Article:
Monday through Friday isn’t for everyone
With many physical offices closed for the foreseeable future, the regular workweek has seldom seemed like a more artificial construct for office workers. Commutes have been replaced by a short amble to the desk, if you aren’t just tapping away on your laptop from the heights of Mount Duvet. And the “weekend,” especially for those without children, has become a rather abstract concept.
With the world in flux, it’s not surprising that the shape of the workweek is shifting too. It wouldn’t be the first time. After the French Revolution, the government implemented a radical calendar: From 1793 to 1805, French workers operated on a 10-day week with one full day and one half day off. Stalin tried something similar: For 11 years, the Soviet Union had no weekends, working a five-day “continuous week” with staggered days off.
Obviously neither of those systems had staying power, and few would welcome similar state-mandated shifts in the workweek today. But there’s also no need for us to be so universally wedded to the five-days-on, two-days-off workweek. It’s a vestige of early 20th-century industrial labor, a far cry from the realities of the modern connected workplace. Technology has allowed us to be productive on our own time, yet somehow we’re still committed to that structure of a 40-hour week.
It doesn’t have to be that way. Remote work has given us more options for flexibility than ever before — and many are learning that one size doesn’t fit all. Now is a great time to consider whether the Monday-through-Friday workweek is truly right for you, or whether another structure works better for your needs and rhythms. Here are some options.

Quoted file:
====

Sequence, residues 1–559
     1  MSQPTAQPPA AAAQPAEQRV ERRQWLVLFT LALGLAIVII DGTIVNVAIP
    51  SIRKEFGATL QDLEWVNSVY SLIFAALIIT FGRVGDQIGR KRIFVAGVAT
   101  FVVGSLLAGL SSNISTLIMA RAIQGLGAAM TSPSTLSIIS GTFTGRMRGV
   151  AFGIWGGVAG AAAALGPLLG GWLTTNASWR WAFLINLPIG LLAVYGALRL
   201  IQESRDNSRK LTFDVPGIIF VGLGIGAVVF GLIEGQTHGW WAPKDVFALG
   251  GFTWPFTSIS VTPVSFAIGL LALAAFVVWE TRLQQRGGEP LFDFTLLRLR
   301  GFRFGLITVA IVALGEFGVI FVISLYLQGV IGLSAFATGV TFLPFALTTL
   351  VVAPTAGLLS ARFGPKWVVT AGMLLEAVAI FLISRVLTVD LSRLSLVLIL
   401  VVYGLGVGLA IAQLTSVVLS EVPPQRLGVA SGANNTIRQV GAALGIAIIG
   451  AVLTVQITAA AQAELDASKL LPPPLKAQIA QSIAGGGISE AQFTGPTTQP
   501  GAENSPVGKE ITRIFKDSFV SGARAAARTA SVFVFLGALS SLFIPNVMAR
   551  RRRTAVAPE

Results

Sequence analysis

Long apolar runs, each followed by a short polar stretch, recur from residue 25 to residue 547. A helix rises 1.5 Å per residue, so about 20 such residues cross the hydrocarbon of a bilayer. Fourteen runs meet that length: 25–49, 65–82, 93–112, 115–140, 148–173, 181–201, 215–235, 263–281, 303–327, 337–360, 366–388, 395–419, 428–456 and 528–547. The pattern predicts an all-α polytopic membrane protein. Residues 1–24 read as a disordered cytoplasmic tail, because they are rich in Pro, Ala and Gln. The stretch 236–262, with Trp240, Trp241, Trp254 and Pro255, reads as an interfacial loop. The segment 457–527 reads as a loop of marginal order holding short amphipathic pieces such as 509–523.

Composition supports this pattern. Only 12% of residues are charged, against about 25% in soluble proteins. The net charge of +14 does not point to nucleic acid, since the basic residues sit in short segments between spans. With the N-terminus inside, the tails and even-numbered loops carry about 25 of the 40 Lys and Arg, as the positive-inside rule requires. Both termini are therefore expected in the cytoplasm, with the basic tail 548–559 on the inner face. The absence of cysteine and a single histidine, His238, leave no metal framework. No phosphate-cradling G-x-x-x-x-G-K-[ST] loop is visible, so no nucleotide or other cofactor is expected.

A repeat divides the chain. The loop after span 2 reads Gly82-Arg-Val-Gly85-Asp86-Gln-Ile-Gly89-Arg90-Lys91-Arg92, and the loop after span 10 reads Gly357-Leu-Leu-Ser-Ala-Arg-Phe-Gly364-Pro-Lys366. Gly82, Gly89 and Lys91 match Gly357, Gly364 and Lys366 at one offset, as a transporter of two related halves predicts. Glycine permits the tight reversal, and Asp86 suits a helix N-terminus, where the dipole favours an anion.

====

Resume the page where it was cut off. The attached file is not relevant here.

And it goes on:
1. The four-day workweek
It sounds like a fantasy: full pay, full work output, and 80% as much time chained to your computer. It’s a relatively new concept, but the little data that exists on the four-day week is very promising. In early 2018, a New Zealand company called Perpetual Guardian ran an eight-week experiment with its 240 employees. Workers would set out to accomplish the same work for the same pay — with three days off rather than two.
The results were striking: Workers were more productive, more efficient, and happier. Two years on, the company has a permanent option of a four-day workweek (though the company retains the right to “withdraw” the extra day off if employees aren’t getting their work done). Since then, founder Andrew Barnes reports, revenue has increased by 6% and profitability by 12.5%. “This is a work revolution whose time has come,” Barnes wrote in Marker.
If you think that it could be the right option for you, try pitching it to your boss, but make sure you’ve given some careful thought ahead of time to exactly how it would work. First, consider who else it could affect and how your new schedule might affect everybody else on your time. Then, be prepared for tricky questions.
2. The early start
If you’re at your sharpest while the sun is still low in the sky, go with that instinct. Working from 7 a.m. to 2 p.m. could be a fantastic way to maximize productivity and make the most of your early-bird body clock. While the rest of the world wakes up, you’ll have the quiet you need to focus and get a head start on the day’s tasks without interruptions from chatty colleagues or demanding clients. By the time your first morning Zoom calls starts, you’ll be prepared and hopefully in the right headspace.
There are other advantages: According to researchers from the University of Washington, managers often display a bias toward early birds. Even when total work hours were the same, employees who began earlier were consistently rated as better performers and more conscientious.
Working a slightly different schedule could give you more time to spend with nonworking members of your family. And outside of a pandemic, it’s also a sure-fire way of escaping rush hour traffic.
3. The 21-hour week
You probably can’t just march into your boss’s office and ask them to halve your hours. But if you’re considering going part-time and are able to take a pay cut, the benefits are huge: Voluntary part-time workers are often happier and feel better able to take care of themselves and their families.